Cite this asOmosuli SV, Ikujenlola AV, Abisuwa AT (2017) Quality assessment of stored fresh Cassava Roots and ‘fufu’ flour produced from stored roots. J Food Sci Nutr The 3(1): 009-013. DOI: 10.17352/jfsnt.000008
The aim of this study was to assess the quality characteristics of cassava roots and fermented cassava flour (fufu). Matured cassava was carefully uprooted and stored in high density polyethylene bag for a period ranging from 0 to 10 days. Fermented cassava flour was produced using standard methods. The stored roots were assessed for various quality properties like percentage loss, discoloration, peel to pulp ratio. Also physico-chemical and sensory of ‘fufu’ flour produced from stored roots were assessed using standard methods. There was found a decrease in the percentage pulp obtained and a corresponding increase in the percentage peel from 22.10% to 35.90% as the period of storage progressed. The moisture and starch contents decreased while the ash, crude-fibre and sugar contents increased during the study. The yield of ‘fufu’ flour and cyanogenic potential decreased as the storage period progressed. There was no significant difference among ‘fufu’ samples produced from roots stored for the first seven days with respect to sensory qualities. The study shows that cassava roots can be stored effectively in high density polyethylene bag and result in acceptable product.
Cassava is an important food staple, providing a cheap energy source for more than 800 million people around the world [1,2]. Worldwide production is estimated to be approximately 230 million tonnes per annum, according to recent FAO statistics [3,4]. Due to the high moisture content of cassava roots which is between 65% and 70% on dry weight basis , the utilization of cassava has been limited by the extreme perishability of the fresh roots when stored .
Normally, fresh cassava roots are transported in bulk or sacks or stored in the soil until needed. Ideal operating conditions demand that the roots be processed on the day of harvesting or one or two days later , as primary deterioration normally commenced within two days of harvesting followed by secondary deterioration by the action of micro-organisms on the tissue, causing tissue-rot, which is evident in the root 5-7 days after harvesting [8,9].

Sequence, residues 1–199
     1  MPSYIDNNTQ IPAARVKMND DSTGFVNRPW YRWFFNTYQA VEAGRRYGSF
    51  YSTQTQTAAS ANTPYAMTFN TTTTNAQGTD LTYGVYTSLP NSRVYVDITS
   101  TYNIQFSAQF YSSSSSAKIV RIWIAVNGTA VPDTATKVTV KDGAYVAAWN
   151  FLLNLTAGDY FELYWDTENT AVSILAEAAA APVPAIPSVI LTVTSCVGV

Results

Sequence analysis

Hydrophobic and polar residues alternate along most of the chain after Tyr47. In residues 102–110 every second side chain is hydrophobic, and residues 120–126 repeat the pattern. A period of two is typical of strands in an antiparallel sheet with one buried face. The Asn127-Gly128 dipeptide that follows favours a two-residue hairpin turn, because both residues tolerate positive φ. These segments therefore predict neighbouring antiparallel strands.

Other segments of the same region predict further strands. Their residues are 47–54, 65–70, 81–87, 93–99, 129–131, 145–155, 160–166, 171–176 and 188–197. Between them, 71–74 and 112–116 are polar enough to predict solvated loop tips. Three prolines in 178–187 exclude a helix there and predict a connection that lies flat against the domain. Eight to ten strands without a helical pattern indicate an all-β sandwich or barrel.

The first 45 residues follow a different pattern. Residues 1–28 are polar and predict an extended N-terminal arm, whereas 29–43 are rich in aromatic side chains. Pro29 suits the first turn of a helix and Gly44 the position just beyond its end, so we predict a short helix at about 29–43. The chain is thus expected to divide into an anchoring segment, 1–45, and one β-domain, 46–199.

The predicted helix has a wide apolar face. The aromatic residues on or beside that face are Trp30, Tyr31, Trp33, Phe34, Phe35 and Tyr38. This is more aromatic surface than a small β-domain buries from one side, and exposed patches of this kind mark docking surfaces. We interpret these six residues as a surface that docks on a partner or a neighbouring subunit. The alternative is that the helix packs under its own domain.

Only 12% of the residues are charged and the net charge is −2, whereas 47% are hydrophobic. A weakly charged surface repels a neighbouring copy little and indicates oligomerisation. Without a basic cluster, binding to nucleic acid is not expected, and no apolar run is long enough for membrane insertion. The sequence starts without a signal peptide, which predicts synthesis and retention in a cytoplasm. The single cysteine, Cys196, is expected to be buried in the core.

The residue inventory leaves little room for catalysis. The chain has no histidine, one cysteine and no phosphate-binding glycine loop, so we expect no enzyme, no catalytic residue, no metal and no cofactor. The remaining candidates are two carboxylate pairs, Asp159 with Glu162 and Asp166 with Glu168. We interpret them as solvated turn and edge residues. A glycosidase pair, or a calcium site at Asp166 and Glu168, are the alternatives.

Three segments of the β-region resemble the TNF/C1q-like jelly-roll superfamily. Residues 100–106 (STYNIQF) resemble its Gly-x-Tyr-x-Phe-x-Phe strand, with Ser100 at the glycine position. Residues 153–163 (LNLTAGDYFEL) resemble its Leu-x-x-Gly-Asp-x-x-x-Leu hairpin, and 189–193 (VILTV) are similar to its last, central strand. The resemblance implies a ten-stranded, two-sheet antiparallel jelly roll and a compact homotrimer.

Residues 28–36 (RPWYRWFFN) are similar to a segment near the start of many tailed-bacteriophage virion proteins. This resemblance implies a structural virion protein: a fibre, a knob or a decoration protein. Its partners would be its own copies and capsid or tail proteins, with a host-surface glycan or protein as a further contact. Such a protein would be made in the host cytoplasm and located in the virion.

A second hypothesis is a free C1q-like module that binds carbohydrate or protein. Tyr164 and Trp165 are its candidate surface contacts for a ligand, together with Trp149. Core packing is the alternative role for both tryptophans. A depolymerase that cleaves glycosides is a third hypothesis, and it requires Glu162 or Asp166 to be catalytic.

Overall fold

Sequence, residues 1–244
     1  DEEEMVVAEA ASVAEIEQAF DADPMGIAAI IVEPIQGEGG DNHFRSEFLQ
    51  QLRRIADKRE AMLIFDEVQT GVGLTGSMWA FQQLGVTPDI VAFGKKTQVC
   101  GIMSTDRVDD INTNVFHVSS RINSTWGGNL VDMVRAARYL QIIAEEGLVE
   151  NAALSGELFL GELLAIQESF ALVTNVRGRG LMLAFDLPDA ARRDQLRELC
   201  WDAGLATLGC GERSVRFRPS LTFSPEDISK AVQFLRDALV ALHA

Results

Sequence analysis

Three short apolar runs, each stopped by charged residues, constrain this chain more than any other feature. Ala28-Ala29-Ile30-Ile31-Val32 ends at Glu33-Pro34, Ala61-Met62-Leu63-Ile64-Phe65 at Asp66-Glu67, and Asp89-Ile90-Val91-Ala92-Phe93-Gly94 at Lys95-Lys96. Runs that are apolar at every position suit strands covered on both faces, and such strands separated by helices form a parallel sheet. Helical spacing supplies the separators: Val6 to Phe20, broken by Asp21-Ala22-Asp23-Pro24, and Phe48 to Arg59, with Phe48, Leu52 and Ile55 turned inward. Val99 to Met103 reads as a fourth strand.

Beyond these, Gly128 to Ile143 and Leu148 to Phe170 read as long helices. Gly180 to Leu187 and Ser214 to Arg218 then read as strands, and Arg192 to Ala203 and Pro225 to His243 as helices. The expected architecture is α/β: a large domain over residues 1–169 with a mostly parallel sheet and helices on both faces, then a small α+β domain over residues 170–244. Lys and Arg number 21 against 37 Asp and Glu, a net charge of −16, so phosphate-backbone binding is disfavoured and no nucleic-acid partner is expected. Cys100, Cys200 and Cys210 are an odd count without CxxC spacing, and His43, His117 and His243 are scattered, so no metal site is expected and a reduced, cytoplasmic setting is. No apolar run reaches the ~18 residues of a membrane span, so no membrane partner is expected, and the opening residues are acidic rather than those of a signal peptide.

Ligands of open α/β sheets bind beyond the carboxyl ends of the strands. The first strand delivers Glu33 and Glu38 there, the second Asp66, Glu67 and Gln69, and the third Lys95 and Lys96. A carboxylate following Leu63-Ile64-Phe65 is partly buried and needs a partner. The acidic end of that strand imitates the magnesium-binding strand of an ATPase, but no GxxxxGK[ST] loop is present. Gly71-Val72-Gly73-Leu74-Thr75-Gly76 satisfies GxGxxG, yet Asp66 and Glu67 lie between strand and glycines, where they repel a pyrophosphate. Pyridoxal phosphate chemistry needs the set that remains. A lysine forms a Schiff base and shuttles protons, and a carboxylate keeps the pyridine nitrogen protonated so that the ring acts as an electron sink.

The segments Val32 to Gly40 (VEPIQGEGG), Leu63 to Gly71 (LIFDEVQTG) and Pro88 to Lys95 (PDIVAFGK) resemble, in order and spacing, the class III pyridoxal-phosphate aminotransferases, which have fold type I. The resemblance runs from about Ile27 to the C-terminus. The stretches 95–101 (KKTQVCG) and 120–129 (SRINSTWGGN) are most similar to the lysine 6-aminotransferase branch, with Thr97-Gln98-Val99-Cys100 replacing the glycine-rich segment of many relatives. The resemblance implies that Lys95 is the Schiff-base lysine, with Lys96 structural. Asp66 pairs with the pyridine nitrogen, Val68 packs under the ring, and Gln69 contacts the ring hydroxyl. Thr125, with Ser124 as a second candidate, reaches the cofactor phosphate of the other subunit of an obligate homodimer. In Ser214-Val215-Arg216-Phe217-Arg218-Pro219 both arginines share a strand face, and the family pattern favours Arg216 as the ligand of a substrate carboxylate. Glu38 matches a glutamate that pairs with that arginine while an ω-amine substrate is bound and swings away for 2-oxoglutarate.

Many storage methods to preserve cassava roots have been utilized such as storage in sawdust with an approximately equal weight of water . According to Nabney J , roots can be preserved fresh for longer periods if treated with fungicides prior to storage. Moreover , reported the storage of cassava roots in the pit for 14 days. Successful as these storage methods may be; it is not without its shortcomings; some of the methods are labour intensive and space for the storage may pose challenge in most cases, the quality of the stored products has not been fully assessed in food production. This study was however designed to proffer solution to some of the shortcomings of the former methods. The design entails storing fresh cassava roots in high density polyethylene bag, very well closed, as an alternative to earlier methods, to assess the quality parameters of the stored roots and to produce ‘fufu’ from fresh and stored cassava roots.
Matured cassava roots (TMS 30572) were carefully uprooted and transported to the laboratory where the packaging and preservation took place. Five (5 kg) of the roots were packed together to form a sample. There were five samples for the 10 days storage period.
Storage of fresh cassava roots: The fresh cassava roots were weighed and neatly packaged but not washed in the high density polyethylene bags well closed. The packaged roots were stored for 0, 2 days, 4 days, 7 days and 10 days. The packaged roots were kept in the laboratory at ambient temperature. Meanwhile, samples were taken for assessment of selected quality parameters on the stored roots.
i) Percentage loss of root
The stored cassava roots were examined and weighed at the end of the storage period. The percentage loss of roots was computed using the following expression:
ii) Percentage loss of peel and pulp
The stored roots were peeled and the ratio of the peels to pulp was computed by the following expression.
The stored roots were re-weighed and carefully peeled using hand peeling with a sharp knife. The peeled roots were washed in clean water. It was soaked in clean water for 72 hours during which fermentation set in and the pulp softened. The soften pulp was dissolved in clean water to remove the shaft and wet sieve using the traditional sieve meant for ‘fufu’ production. The resulting slurry was left to settle. The mash was thereafter packed in a jute bag and presses to remove excess water before drying. The dried ‘fufu’ was packaged. The process flow chart is presented in  (Figure 1).